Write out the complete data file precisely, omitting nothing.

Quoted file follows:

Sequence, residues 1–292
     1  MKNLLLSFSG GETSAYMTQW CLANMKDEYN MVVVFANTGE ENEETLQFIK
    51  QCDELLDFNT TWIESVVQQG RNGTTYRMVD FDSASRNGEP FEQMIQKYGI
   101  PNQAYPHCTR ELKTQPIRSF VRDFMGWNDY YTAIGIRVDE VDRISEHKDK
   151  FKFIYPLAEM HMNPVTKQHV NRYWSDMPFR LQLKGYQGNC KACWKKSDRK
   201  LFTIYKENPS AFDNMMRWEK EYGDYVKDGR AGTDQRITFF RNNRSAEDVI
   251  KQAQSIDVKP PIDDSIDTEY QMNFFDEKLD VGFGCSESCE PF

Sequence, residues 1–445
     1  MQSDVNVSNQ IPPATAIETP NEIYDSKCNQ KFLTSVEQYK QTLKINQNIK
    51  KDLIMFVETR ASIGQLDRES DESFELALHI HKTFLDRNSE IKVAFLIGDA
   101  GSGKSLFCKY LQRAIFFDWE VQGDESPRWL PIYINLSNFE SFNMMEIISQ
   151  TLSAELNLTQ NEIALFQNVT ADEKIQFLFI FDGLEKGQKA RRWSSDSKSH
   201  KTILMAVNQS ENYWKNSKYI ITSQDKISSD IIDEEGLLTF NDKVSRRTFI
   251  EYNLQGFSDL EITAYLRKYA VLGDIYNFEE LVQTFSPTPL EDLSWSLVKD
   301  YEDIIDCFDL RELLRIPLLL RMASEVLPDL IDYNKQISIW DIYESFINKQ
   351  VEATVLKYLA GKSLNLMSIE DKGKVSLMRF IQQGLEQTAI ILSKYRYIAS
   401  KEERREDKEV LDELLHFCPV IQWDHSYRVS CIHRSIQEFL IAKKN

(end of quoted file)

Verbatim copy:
Sequence, residues 1–292
     1  MKNLLLSFSG GETSAYMTQW CLANMKDEYN MVVVFANTGE ENEETLQFIK
    51  QCDELLDFNT TWIESVVQQG RNGTTYRMVD FDSASRNGEP FEQMIQKYGI
   101  PNQAYPHCTR ELKTQPIRSF VRDFMGWNDY YTAIGIRVDE VDRISEHKDK
   151  FKFIYPLAEM HMNPVTKQHV NRYWSDMPFR LQLKGYQGNC KACWKKSDRK
   201  LFTIYKENPS AFDNMMRWEK EYGDYVKDGR AGTDQRITFF RNNRSAEDVI
   251  KQAQSIDVKP PIDDSIDTEY QMNFFDEKLD VGFGCSESCE PF

Sequence, residues 1–445
     1  MQSDVNVSNQ IPPATAIETP NEIYDSKCNQ KFLTSVEQYK QTLKINQNIK
    51  KDLIMFVETR ASIGQLDRES DESFELALHI HKTFLDRNSE IKVAFLIGDA
   101  GSGKSLFCKY LQRAIFFDWE VQGDESPRWL PIYINLSNFE SFNMMEIISQ
   151  TLSAELNLTQ NEIALFQNVT ADEKIQFLFI FDGLEKGQKA RRWSSDSKSH
   201  KTILMAVNQS ENYWKNSKYI ITSQDKISSD IIDEEGLLTF NDKVSRRTFI
   251  EYNLQGFSDL EITAYLRKYA VLGDIYNFEE LVQTFSPTPL EDLSWSLVKD
   301  YEDIIDCFDL RELLRIPLLL RMASEVLPDL IDYNKQISIW DIYESFINKQ
   351  VEATVLKYLA GKSLNLMSIE DKGKVSLMRF IQQGLEQTAI ILSKYRYIAS
   401  KEERREDKEV LDELLHFCPV IQWDHSYRVS CIHRSIQEFL IAKKN